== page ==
Here are some examples, the poet Nizami narrates a story centered around Polo in his work, "Khosrow and Shirin." In this tale, Khosrow, the Sassanid king, meets his Aramean wife, Shirin, during a polo game. Their encounter is described with poetic beauty, comparing Shirin's beauty to a dove on the grass and her courage to a hunting hawk.
Furthermore, during the 11th century, the court poet Farrukhi Sistani dedicated his poetry to Sultan's passion for Polo, listing it as one of the four activities the monarch should engage in feasting, hunting, polo games, and war.
You can also find references to Polo in Persian miniature paintings and pottery designs, showcasing its significance in visual arts. Even today, Persian painters continue to feature Polo in their traditional miniature styles, keeping the tradition alive.
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How to Play Polo
Playing Polo is fun but requires skill, teamwork, and a deep understanding of the game. The game is straightforward to understand. To win the game, a team must score the most goals. In the event of a draw, an additional chukka (periods of play) is played, and the first team to score a goal wins. If no goals are scored in the extra chukka, another one is played with widened goalposts, and the first team to score emerges as the victor.
Each team consists of four players, each with a specific position indicated by the number on their kit.
Position 1 is the attacking offensive player, similar to a striker in soccer or forward in hockey. Their primary focus is to score goals. However, they are also responsible for defending against the opposition's position 3 players.
Position 2 is an offensive player who supports the position 1 player in attacks. They also have defensive duties and often switch positions with the position 3 players during attacks.
Position 3 is an attacking role, and players in this position must be able to hit the ball accurately upfield to position 1 and 2 players. They are comparable to quarterbacks in other sports.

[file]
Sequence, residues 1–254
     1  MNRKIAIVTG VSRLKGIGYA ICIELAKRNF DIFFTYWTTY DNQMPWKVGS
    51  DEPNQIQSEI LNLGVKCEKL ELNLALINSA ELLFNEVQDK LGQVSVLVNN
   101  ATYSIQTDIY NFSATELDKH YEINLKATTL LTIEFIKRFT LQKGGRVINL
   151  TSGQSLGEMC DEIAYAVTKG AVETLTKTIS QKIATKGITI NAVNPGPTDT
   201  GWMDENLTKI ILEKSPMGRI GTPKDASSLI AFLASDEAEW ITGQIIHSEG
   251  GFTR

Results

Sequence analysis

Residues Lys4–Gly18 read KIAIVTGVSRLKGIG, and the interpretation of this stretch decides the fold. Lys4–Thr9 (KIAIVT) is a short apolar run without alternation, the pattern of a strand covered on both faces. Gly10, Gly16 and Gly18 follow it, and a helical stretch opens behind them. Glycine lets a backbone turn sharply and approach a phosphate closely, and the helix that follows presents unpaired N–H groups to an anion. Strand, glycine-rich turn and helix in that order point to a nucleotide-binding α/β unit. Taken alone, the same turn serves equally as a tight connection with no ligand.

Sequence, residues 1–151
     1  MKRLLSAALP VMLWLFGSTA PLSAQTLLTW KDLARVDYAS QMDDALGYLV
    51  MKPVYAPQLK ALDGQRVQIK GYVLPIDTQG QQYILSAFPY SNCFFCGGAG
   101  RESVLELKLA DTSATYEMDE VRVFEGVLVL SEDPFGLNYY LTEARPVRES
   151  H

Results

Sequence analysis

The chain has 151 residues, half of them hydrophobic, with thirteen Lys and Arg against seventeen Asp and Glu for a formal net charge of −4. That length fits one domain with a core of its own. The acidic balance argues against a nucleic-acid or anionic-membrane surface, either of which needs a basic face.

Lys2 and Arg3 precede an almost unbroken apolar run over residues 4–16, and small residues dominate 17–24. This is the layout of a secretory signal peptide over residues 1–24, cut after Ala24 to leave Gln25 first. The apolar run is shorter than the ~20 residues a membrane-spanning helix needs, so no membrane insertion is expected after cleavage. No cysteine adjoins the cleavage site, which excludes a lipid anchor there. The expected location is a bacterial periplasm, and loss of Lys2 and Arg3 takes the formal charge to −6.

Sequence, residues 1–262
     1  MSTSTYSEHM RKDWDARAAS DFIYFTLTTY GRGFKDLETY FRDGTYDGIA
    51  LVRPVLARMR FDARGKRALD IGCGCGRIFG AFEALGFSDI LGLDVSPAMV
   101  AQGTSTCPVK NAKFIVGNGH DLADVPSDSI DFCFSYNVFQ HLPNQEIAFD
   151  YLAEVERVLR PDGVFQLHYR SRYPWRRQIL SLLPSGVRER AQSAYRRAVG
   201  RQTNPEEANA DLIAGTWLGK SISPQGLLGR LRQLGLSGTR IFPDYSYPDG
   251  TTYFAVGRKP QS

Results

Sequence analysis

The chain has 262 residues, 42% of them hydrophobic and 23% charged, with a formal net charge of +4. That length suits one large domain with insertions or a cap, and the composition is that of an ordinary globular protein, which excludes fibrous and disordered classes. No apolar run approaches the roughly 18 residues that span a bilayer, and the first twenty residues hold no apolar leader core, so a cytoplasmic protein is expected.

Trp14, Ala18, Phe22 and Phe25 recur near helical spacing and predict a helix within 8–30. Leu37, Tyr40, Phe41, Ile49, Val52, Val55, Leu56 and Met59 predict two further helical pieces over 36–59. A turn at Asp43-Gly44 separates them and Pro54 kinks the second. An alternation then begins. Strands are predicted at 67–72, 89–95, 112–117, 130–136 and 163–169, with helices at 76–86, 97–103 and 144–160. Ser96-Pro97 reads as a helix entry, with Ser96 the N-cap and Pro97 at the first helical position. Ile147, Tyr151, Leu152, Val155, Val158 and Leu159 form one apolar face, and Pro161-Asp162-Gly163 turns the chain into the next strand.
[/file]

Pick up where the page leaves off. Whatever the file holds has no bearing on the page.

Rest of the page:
Position 4 is the defensive position, responsible for safeguarding the team's goal. While their primary role is defense, they also contribute to the team's offense by accurately moving the ball forward to the attacking players after successfully defending the goal.
Interestingly, unlike many other sports that have set halftime periods, in Polo, teams change the direction of the field every time a goal is scored. This tradition is believed to have originated from the historical orientation of pitches on an East/West axis, where teams wanted to avoid the sun or wind in their face for extended periods.
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In terms of equipment, a key component is the Polo pony, a horse specially bred for the game. Each player needs at least two ponies to switch out between chukkas (periods of play). The player may own their ponies or use those provided by their club. A specialized saddle is used to securely seat the player, control the horse, and swing the mallet. Other essential equipment includes a helmet, gloves, a polo stick, knee guards, and a ball.
Chogan is an ancient Iranian sport that evolved into modern-day Polo. Its captivating journey began in Iran, evolved through different eras, and spread across continents.
Chogan's significance goes beyond being a game; it served as a unique amalgamation of sports and military training for nomadic communities.
It has profoundly impacted Iranian art and literature, permeating various artistic forms throughout history. From the works of renowned poets like Ferdowsi, Khayyam, Nezami, Sa'adi, and Hafiz to the intricate details of Persian miniature paintings and pottery designs, Polo has left an indelible mark on Persian artistic expressions.
Today, the legacy of Chogan lives on through the international tournaments held in different parts of the world that showcase the rich heritage and spirit of the sport.